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Smoky Cape Lighthouse Group, Lighthouse Rd, South West Rocks, NSW, Australia

Photographs View Photo Database Record
List Register of the National Estate (Non-statutory archive)
Class Historic
Legal Status Registered (21/10/1980)
Place ID 3478
Place File No 1/18/142/0001
Statement of Significance
Smoky Cape Lightstation, built in 1891, is significant as an intact example of a late Victorian lightstation designed by James Barnet and one of only two such mass concrete constructions built in New South Wales in the 19th century (Criteria B.2, H.1). The Lightstation is significant as an important element in the establishment of navigational aids along the New South Wales coast, which reflects the economic development of the surrounding region (Criterion A.4). The Lightstation, with its well-constructed tower and cottages, is in direct contrast to the exposed, dramatic and remote location and is significant for the considerable aesthetic value of its setting in the landscape (Criterion E.1). The lighthouse tower is significant for containing the original Chance Bros. First order flashing optic and cast-iron and copper lantern house. The whole of the lantern is a beautiful example of nineteenth century industrial technology and remains quite intact. (Criteria B.2).
Official Values Not Available
Smoky Cape was named by Captain Cook during his voyage of discovery in 1770. Earliest European contact with the area was not until 1816, when the brig, Trial, hijacked by convicts, was wrecked at Trial Bay in 1816. Subsequently explorer John Oxley visited the bay in November, 1817. The early coastal trade in the region was predominantly timber (cedar) gathering. The conference of Principal Officers of the Maritime Departments of the Australian Colonies of 1873 reported the need for a lighthouse at Smoky Cape. However, no further action seems to have been taken until when in 1886 Alexander Kethel, the member for North Sydney in the New South Wales Legislative Assembly, called upon the Government to erect a lighthouse on Smoky Cape. The reasoning being the increased coastal trade on the northern seaboard on New south Wales. The Colonial Architect, James Barnet, and members of the Marine Board subsequently surveyed the recommended site and prepared the necessary specifications. Tenders were called in January 1889. The contractor, Mr Oakes, unfortunately died during the course of construction, but the project was still completed. The cost of construction, including tower, optical apparatus and ancilliary buildings, amounted to 16,800 pounds. The light was first exhibited on 15 April 1891. The light is situated in a 32.8ha reserve approximately 10km from Jerserville. The reserve adjoins Hat Head National Park. Access to the station is by road. The 17.4m white octagonal tower and attached service annexe are constructed of concrete blocks using local granite aggregate. The tower is surmounted by a 12ft 1in (36.65mm) diameter first order lantern manufactured by Chance Brothers of Birmingham, England. The optical apparatus consists of a a Chance Bros. First order 920mm focal radius revolving lens mounted on a roller bearing pedestal driven by an electric motor. The light source is a 120 volt 1,000 watt tungsten halogen lamp. The apparatus gives a character of Group Flashing three every twenty seconds with an intensity of 1,000,000 candles resulting in a nominal visible range of 26 nautical miles. The signal house is a detached building and original to the lighthouse. The Head Keeper's Quarters and the duplex cottage which serves as the assistant keepers quarters and relief staff. Other associated buildings include a brick stable/shed, a four car concrete garage and a fibro cement workshop.The station is connected to mains electricity with a 2.5 kva standby diesel generator. The tower and houses are constructed of poured concrete with an aggregate of locally quarried granite, cement rendered inside and outside. The lantern room floor of the lighthouse consists of voussoir blocks supported by cast in-situ corbels.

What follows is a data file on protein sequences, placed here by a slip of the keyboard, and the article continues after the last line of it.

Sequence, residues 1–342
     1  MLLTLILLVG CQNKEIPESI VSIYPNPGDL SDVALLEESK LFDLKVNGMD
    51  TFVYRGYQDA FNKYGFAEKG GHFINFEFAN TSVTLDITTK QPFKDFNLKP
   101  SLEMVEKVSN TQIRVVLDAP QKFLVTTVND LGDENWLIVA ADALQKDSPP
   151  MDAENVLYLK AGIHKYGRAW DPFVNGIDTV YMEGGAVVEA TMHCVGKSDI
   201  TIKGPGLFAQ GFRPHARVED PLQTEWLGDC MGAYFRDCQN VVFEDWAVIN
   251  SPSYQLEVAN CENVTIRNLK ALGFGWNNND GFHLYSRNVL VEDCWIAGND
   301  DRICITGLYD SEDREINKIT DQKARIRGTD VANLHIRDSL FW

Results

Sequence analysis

History Not Available
Condition and Integrity
The lightstation is in good condition. Various alterations have taken place such as modifications to kitchens, replacement of roofing and other structures added to the lightstation complex.
Situated approximately 6km south east of South West Rocks. Comprising: Lighthouse and generator annexe, two residences, coach house and stables, ancillary structures.
Lucas, Stapleton and Partners Pty Ltd. (1993). Smoky Cape Lightstation
Conservation Management Plan. Prepared for the Australian Maritime
Safety Authority, Canberra.

Reid, G.,(1988). From Dawn to Dusk. A History of Australian
Lighthouses. Department of Transport and Communications. MacMillan,

Report Produced  Sat Apr 19 20:36:23 2014